The Ohio State Bar Association announced the selection
of the second recipient of the Chief Justice Moyer Professorship for
the Administration of Justice and the Rule of Law at The Ohio State
University Moritz College of Law, Chief Justice Moyer’s alma mater, and
the recipients of the Chief Justice Thomas J. Moyer Fellowships for
Chief Justice Moyer Professorship
Dean Alan C. Michaels of the Moritz College of Law nominated Ric Simmons
to become the recipient of the Chief Justice Moyer Professorship for
the Administration of Justice and the Rule of Law, and at the Provost’s
recommendation The Ohio State University Board of Trustees made the
appointment on April 2, 2014.
joined the Moritz faculty in 2003. A graduate of Columbia Law School, he
was a Stone Scholar and a senior editor of the Columbia Law Review. He earned both a bachelor’s and a master’s degree from Stanford University.
Following law school,
Professor Simmons clerked for the Honorable Laughlin E. Waters of the
Central District of California. He then served for four years as an
assistant district attorney for New York County and was an acting
assistant professor at New York University School of Law from June 2000
through June 2003.
Currently, he teaches
Evidence and Criminal Law at Moritz. In the past, he also worked
extensively at the Prosecution Clinic. He frequently comments on criminal
cases in the media.
succeeds Professor Edward B. Foley, who was the first Moyer Professor at
Ohio State, who has now become the Charles W. Ebersold and Florence
Whitcomb Ebersold Chair in Law.
“The goal of the OSBA
Moyer Legacy Committee is further the tenets for which Chief Justice
stood, including legal and civic education, dispute resolution, personal
integrity, ethics, civility, and judicial independence and the rule of
law. Professor Simmons and our newest Moyer Fellows are doing just
that,” said OSBA President Jonathan Hollingsworth.
dedication to promoting public understanding of our rule of law and the
importance of the nonpartisan administration of justice are in line with
values that Chief Justice Moyer prized. His work will represent a new
chapter of Chief Justice Moyer’s extraordinary legacy,” said Dean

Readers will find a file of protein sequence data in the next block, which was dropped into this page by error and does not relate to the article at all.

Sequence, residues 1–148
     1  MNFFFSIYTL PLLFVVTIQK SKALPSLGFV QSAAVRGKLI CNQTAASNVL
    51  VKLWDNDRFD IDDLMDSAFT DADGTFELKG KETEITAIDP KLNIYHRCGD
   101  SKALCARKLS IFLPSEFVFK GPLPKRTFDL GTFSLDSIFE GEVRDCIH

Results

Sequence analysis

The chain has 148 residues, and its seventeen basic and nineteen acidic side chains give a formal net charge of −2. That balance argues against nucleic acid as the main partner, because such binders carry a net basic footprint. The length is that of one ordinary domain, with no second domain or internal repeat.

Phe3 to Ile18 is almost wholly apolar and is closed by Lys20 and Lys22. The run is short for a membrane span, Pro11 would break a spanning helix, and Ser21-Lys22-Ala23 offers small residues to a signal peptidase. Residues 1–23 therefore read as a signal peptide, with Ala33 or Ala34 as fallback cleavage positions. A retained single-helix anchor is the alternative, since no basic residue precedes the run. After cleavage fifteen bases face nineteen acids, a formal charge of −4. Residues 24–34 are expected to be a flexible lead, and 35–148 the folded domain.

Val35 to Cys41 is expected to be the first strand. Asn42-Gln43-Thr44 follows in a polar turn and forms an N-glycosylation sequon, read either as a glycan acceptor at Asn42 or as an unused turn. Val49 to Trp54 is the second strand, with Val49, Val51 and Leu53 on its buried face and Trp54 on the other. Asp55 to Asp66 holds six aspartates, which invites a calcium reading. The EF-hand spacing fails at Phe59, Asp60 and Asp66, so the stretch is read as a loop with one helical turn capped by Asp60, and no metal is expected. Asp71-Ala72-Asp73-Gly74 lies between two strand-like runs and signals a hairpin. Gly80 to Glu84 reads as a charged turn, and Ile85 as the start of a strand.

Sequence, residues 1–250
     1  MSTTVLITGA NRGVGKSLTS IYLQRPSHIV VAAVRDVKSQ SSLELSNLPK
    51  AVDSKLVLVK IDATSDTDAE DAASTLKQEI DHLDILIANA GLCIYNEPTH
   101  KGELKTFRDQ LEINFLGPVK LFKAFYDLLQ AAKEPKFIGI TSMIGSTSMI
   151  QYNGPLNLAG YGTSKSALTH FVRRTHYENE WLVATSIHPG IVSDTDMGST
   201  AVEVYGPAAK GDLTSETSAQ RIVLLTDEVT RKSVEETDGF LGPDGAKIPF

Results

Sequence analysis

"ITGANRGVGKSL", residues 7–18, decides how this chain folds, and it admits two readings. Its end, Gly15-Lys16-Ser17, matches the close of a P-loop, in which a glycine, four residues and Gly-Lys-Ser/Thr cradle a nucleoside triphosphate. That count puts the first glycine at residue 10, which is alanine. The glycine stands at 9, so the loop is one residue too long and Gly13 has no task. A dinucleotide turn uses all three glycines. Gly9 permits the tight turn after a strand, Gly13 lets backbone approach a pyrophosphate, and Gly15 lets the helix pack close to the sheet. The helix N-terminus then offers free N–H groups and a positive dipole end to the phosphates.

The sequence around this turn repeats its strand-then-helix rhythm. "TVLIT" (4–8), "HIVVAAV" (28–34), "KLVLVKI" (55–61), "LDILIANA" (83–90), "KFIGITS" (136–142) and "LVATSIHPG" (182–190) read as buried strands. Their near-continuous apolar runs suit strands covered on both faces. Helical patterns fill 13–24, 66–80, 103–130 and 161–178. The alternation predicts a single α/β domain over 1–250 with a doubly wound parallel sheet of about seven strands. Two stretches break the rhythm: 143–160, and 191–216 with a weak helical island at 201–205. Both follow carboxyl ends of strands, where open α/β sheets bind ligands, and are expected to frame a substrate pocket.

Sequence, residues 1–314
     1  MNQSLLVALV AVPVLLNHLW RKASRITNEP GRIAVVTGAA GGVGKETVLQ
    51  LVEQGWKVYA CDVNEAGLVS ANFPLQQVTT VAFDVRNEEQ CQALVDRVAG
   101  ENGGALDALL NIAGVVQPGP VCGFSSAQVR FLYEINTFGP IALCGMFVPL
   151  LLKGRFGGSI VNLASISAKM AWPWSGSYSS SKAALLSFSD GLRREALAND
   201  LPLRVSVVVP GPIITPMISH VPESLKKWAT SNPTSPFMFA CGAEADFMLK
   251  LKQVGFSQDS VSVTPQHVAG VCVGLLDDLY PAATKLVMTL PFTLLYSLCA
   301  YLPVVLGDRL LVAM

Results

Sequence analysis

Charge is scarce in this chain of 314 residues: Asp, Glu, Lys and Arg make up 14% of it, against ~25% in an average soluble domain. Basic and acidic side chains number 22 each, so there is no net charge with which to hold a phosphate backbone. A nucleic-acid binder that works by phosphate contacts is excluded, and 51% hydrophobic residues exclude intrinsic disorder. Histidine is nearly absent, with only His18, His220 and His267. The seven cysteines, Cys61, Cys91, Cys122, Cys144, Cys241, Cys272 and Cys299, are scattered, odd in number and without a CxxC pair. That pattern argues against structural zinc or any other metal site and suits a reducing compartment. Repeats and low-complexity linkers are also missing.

“I am honored to be
chosen to carry forward Chief Justice Moyer’s extraordinary legacy.
Since my move to Ohio in 2003, I have come to understand and greatly
appreciate his contributions to the public’s understanding of the law
and his dedication to the fair and impartial administration of justice. I
hope that, through my teaching and scholarship, I can reflect Chief
Justice Moyer’s high standards,” said Simmons.
Chief Justice Thomas J. Moyer Fellowships
The Moyer Legacy Committee recommended that three law students be awarded 2014 Moyer Fellowship Grants. They are Abigail Mack of the Moritz College of Law, Prad Georges of the University of Akron School of Law and Benjamin Imdieke of the University of Toledo College of Law.
The annual fellowships
are awarded to two exceptional first- or second-year students from Ohio
law schools and are designed to honor Chief Justice Moyer’s commitment
to improving access to courts, advancing civility and ethics, working
with national and international organizations to promote the rule of
law, and promoting civic education. Fellowship recipients receive $3,000
from the Moyer Legacy Fund and $1,000 from their law schools to fund a
summer opportunity advancing these principles.
Abigail Mack, a student
at Moritz College of Law, will work as a Summer Fellow with Palestine
Works to assist in providing legal services to victims of human rights
violations in Israel and occupied Palestinian territory.
Prad Georges, who
attends the University of Akron School of Law, will travel to Baton
Rouge for his fellowship. He will work with a law professor at Southern
University to compile Haitian land use laws and regulations into a
publicly accessible database that will facilitate the implementation of a
property recording system in Haiti. This system would be used to
resolve land ownership disputes and to facilitate economic development.
Benjamin Imdieke, a law
student at the University of Toledo College of Law, will undertake
in-depth research of land-use regulations and urban redevelopment
efforts in Toledo, Cleveland and Detroit. His goal is to develop a legal
practicum that would allow law students to assist in urban
The Chief Justice Thomas J. Moyer Legacy Fund was established at the Ohio State Bar Foundation
to help perpetuate Chief Justice Moyer’s dedication to the
administration of justice and public understanding of the law through
programs that advance civility, integrity and the rule of law. The Ohio
State Bar Association, the Ohio State Bar Foundation and The Ohio State
University Moritz College of Law established a committee of lawyers,
judges, family members and friends of Chief Justice Moyer, chaired by
OSBA Past President Barbara J. Howard of Cincinnati, which raised the
necessary funds from the legal and business communities to support the
professorship and fellowships.